In his early days living in a slum, Dr Jockin found it was always the women who would reach out and offer him a place to sleep. It was the women who knew everyone’s business. And it was the women who all communicated with each other; passing and sharing so much information. So he realised they would be the ones to help on a mission to fight the government for slum dwellers’ rights. It was their participation he knew could make some change. ‘Women can do real citizen engagement,’ said Dr Jockin. ‘They are the leaders.’ He added: ‘We have had many rallies and I always wanted everybody to be very peaceful’ – another reason he felt it better to engage women over men.
Yet he quickly realised how men dominate financially within the home: while women earnt money, familial dynamics meant they would never stand up to the men demanding the salary be handed over, often to be spent unwisely. The whole premise of a women’s group, Dr Jockin explained, was that if slums were displaced, he needed to empower women enough to set up their family elsewhere or at least purchase vital clean water and other basic supplies. Of course many of these slum communities in Mumbai were destroyed over the years. So he needed to create a means for women to save part of their wages without going against their husbands. This was done through savings schemes, set up by Dr Jockin to enable women to contribute small amounts of their wages to a system that would keep the money safe. ‘Most important is empowering women,’ said Dr Jockin.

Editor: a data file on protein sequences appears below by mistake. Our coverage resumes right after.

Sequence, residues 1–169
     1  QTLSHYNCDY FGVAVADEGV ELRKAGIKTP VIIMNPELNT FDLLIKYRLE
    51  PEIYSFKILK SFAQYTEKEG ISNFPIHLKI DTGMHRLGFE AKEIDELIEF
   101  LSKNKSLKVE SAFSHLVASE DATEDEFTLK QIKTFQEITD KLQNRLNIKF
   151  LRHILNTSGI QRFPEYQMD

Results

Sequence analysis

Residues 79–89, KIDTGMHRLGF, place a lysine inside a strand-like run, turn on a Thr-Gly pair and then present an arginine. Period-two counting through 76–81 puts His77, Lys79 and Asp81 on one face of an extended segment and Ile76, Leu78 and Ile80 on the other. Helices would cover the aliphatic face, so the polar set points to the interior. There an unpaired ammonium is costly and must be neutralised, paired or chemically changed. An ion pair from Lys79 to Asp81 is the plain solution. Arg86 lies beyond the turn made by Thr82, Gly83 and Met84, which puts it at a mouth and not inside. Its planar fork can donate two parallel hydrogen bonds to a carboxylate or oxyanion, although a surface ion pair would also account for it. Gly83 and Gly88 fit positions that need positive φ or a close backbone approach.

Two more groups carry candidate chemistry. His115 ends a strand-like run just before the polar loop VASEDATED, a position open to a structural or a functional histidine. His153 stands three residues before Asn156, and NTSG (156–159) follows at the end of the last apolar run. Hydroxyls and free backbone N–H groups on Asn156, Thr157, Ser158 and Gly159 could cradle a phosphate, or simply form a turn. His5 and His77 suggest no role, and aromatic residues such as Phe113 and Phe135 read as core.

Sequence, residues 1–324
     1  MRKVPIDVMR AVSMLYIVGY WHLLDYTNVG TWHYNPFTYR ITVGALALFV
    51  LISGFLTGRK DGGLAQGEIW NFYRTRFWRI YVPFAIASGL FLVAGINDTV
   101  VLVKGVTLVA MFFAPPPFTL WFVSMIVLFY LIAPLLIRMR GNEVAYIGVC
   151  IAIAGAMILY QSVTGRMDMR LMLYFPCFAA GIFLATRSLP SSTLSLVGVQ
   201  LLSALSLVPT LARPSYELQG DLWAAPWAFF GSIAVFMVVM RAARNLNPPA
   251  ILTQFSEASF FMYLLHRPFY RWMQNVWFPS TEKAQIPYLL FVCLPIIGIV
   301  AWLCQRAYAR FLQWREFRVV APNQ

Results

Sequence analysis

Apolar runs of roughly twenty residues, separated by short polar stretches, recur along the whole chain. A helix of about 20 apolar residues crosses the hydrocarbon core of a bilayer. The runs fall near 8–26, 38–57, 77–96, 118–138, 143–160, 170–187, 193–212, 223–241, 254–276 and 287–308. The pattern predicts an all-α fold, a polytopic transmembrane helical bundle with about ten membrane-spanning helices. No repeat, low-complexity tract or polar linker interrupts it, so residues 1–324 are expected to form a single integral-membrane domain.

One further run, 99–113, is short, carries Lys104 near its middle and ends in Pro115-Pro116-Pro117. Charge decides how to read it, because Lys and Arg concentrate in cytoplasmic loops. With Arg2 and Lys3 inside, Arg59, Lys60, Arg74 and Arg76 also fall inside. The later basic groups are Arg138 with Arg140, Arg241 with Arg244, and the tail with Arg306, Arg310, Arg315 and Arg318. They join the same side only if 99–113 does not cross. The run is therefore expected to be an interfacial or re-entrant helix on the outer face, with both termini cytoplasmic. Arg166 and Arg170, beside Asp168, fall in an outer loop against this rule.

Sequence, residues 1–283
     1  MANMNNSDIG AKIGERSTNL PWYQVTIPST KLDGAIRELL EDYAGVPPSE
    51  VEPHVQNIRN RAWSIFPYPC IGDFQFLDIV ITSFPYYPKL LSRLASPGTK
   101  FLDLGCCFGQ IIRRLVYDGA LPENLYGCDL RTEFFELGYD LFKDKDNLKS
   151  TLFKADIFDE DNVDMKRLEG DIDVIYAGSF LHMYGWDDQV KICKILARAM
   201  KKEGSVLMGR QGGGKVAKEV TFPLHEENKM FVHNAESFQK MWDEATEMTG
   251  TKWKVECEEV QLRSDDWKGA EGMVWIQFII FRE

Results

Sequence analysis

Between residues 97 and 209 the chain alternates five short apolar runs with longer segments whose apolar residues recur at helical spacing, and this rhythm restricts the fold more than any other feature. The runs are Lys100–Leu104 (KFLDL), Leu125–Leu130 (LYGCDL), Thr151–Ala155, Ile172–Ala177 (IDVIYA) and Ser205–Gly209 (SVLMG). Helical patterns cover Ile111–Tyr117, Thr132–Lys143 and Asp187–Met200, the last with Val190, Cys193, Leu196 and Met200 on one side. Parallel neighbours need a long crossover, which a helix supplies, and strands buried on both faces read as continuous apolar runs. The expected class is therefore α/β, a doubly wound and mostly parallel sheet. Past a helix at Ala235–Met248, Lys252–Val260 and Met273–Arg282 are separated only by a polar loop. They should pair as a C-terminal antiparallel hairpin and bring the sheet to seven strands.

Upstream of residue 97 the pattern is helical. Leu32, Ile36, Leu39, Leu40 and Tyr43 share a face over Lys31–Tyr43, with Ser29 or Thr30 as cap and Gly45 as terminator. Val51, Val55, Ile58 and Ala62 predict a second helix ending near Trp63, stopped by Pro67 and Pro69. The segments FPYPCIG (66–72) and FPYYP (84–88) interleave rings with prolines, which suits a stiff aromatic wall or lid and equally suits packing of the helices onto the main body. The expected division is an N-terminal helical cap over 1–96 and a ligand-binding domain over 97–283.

There are now thousands of slum-dweller-managed savings groups (more than 15,000) operating through Slum Dwellers International (SDI) in cities around the world – with an estimated 14 million people currently participating in these groups.
SDI was co-founded by Dr Jockin and it comprises a network of community-based organisations of the urban poor in 33 countries. It is through the SDI that land has been secured over the years for thousands of families, enabling all these houses and toilets to be built.
These ‘federations’ of slum and shack dwellers extend beyond India to elsewhere in Asia, Africa and Latin America. They support and learn from each other – using the global SDI platform to help local initiatives. And so Dr Jockin’s early passion for community action, for being a grassroots organiser never left him - it just went global. And it went global with the help of many, many women.
Towards the end of our conversation, Dr Jockin mentioned how easy it would have been to move to a richer community once he had made a name for himself. But he said: ‘There is no soul or spirit in how the people live. They do not know their neighbours, there is no support [system].’ To me, sitting there with Dr Jockin, as he answered calls to his phone and conversed with the women who popped into his home, he really did seem to embody the soul of what it means to be a true neighbour and community citizen.
This insights piece is part of our spotlight series on what sustains cities globally, in this case the extraordinary efforts of one man who protected the rights of so many people living in urban poverty.